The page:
Archive for June, 2011

New Disability Retirement Rules To Go Into Effect in D.C. Suburb

Starting July 1, 2012, it’s going to be harder for some public employees in Montgomery County, Maryland to qualify for disability retirement payments.

Under a change enacted this week by the County Council, a two-tiered system will distinguish truly incapacitated workers from those who can find a job doing something else. The new rules also prohibit employees who are about to get fired for misconduct from receiving a service-connected disability package.

The changes are meant to rein in a system that some critics feel is too generous to public employees whose injuries might not be that severe.  Over the past eight years, reported the Washington Post, 226 public safety employees retired on service-connected disability, repreenting 77 percent of such county employee retirements.

Read more here.

OSHA Launches Interactive Tool To Help Employers Record Injuries

Unsure whether an injury or illness is work-related and needs to be recorded? The federal government’s main workplace safety agency has a new web site it says can help.

The Occupational Safety and Health Administration has launched an interactive tool designed to help employers comply with their obligations to record work-related injuries. The Recordkeeping Advisor stimulates an employer’s interaction with a Recordkeeping rules expert.

According to the OSHA announcement, “The Advisor relies on the users’ responses to questions and automatically adapts to the situation presented. Responses put into the program are strictly confidential and the system does not record or store any of the information. The Advisor helps employers determine:

  • Whether an injury or illness (or related event)
    is work-related
  • Whether an event or exposure at home or on
    travel is work-related
  • Whether an exception applies to the injury or
    illness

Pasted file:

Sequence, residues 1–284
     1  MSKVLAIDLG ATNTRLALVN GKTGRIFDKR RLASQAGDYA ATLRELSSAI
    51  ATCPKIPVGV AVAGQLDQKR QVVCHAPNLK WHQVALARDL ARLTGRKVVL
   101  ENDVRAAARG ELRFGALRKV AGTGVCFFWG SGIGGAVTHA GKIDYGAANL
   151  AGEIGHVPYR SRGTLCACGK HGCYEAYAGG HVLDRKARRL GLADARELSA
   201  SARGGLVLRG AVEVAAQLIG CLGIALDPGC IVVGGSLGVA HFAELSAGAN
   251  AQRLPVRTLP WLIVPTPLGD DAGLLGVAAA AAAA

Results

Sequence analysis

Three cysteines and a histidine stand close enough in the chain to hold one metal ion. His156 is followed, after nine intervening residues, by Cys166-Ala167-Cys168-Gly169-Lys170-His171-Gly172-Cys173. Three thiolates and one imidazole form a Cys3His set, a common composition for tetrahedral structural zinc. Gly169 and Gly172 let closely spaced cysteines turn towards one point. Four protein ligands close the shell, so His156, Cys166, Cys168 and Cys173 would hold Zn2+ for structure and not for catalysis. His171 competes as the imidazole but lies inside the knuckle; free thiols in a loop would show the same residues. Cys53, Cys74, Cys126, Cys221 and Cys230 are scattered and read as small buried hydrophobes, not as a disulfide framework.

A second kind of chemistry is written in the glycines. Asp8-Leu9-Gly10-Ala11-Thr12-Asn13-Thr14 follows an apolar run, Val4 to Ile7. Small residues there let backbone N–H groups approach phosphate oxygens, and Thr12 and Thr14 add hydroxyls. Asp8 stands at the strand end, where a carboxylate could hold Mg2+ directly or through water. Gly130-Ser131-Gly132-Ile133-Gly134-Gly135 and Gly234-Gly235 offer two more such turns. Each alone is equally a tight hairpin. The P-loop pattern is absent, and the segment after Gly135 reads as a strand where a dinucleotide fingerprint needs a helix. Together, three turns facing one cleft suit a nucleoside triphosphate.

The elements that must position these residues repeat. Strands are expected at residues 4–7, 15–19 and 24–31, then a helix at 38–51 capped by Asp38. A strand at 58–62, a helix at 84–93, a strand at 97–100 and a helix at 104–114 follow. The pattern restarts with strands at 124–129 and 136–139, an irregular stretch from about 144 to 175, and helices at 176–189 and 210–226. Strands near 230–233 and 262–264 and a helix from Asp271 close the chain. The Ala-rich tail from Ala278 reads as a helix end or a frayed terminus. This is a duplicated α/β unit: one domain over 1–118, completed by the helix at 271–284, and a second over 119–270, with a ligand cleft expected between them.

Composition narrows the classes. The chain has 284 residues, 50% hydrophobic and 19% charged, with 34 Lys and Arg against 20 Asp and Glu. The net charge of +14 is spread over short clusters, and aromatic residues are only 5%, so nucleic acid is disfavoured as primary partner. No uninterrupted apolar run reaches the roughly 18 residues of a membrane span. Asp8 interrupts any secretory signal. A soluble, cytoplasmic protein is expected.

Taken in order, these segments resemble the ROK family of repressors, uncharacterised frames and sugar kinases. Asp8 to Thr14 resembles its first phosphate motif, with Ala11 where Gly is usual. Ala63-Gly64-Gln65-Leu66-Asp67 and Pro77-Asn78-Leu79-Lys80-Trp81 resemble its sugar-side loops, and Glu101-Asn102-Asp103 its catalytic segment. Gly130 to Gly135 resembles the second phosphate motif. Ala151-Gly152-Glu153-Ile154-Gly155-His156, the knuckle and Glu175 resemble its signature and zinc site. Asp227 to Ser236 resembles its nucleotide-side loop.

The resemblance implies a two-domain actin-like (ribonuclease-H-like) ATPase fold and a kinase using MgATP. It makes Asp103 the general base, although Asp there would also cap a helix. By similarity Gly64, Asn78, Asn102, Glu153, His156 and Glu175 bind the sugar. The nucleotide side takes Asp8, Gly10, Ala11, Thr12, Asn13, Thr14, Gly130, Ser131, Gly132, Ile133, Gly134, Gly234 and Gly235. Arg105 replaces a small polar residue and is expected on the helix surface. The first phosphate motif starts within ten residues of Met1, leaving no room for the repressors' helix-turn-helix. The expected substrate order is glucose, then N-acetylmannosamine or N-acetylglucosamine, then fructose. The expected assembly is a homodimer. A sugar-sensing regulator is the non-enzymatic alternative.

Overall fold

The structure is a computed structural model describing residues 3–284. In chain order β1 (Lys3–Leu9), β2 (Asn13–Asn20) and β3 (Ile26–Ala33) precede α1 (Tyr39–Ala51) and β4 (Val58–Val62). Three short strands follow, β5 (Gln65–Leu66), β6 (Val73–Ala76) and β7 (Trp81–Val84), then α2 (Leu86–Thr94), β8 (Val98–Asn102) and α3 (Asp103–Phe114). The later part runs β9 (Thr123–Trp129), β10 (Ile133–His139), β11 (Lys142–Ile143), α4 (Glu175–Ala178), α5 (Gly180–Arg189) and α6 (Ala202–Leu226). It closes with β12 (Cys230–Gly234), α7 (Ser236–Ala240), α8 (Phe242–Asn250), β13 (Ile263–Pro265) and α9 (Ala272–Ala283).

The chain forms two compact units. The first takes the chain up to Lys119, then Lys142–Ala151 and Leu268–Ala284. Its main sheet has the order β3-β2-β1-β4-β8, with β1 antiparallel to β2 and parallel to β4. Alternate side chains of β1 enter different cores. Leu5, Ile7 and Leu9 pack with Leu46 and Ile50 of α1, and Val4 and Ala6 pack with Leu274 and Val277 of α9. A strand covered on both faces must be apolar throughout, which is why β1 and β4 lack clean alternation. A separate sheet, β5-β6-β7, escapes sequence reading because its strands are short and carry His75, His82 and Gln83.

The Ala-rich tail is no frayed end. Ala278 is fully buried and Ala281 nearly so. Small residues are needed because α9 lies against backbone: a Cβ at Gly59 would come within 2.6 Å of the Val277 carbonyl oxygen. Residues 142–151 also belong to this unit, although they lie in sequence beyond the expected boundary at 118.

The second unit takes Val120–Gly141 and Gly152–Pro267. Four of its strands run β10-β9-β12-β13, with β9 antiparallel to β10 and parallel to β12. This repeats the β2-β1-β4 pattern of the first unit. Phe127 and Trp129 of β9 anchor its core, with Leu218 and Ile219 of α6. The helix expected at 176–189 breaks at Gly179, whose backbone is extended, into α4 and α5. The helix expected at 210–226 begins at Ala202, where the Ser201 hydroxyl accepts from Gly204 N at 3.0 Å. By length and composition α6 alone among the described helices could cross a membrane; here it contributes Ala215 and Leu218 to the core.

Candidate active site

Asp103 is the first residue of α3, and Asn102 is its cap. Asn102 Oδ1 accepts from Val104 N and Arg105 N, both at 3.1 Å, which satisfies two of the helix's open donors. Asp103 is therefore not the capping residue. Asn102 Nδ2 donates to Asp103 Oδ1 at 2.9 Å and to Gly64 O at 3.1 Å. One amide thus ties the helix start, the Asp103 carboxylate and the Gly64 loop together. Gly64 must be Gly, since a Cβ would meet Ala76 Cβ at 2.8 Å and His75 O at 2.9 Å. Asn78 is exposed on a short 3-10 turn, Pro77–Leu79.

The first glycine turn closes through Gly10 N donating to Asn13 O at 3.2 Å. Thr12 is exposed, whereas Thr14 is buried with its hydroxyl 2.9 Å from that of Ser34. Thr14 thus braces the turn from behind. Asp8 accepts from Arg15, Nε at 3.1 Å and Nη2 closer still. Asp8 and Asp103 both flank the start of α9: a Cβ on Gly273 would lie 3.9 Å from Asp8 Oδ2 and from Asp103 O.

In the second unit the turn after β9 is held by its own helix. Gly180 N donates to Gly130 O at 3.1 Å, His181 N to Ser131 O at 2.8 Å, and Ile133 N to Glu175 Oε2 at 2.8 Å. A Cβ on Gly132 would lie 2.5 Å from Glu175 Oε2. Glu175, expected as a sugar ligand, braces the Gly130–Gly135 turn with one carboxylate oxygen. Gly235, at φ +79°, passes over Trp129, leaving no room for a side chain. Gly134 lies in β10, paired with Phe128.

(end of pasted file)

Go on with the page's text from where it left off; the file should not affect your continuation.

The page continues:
• Whether a work-related injury or illness needs
    to be recorded
  • Which provisions of the regulations apply when recording a work-related
    injury or illness

Read more here.

EEOC Charges Abercrobmie & Fitch Violated Muslim Employee’s Rights

The Equal Employment Opportunity Commission filed suit yesterday against Abercrobmie & Fitch, alleging that the clothing retailer violated Title VII of the 1964 Civil Rights Act when it fired a Muslim employee because she wore a hijab, a religious head scarf.

According  to the EEOC’s suit, in October 2009, Umme-Hani Khan, a 19-year-old Muslim woman,  started working at the Hollister store (an Abercrombie & Fitch brand  targeting teenagers aged 14 through 18) at the Hillsdale Shopping Center in San  Mateo, Calif. As an “impact associate,”  she worked primarily in the stockroom. At  first she was asked to wear headscarves in Hollister colors, which she agreed  to do. However, in mid-February, she  was informed that her hijab violated Abercrombie’s  “look policy,” an internal dress code, and was told she would be taken off  schedule unless she removed her headscarf while at work. According to the EEOC, Khan was fired on Feb.  23, 2010, for refusing to take off the hijab  that her religious beliefs compelled her to wear.

“Ms. Khan held a low-visibility position, willingly  color-coordinated her headscarf with the store’s brand and capably performed  her stockroom duties for four and half months until a visiting manager flagged  her hijab as a violation of their ‘look  policy’,” said EEOC San Francisco District Director Michael Baldonado. “What undue burden did this retail giant face  that prevented them from allowing her to practice her faith? Moreover, what kind of statement of  intolerance are they sending to their teen customers?”

Maybe there’s something in the West Coast water, because this is the second time in two years that the EEOC has sued the retailer for allegedly violating the rights of Muslim employees. Last year it was its refusal to hire a Muslim job applicant because she wore a head scarf.

Read more about the EEOC’s cases here.

New York Same-Sex Marriage Law’s Impact on Employers

What will the impact on employers be of New York’s same-sex marriage law? The law, which Governor Cuomo signed late Friday night, takes effect July 24.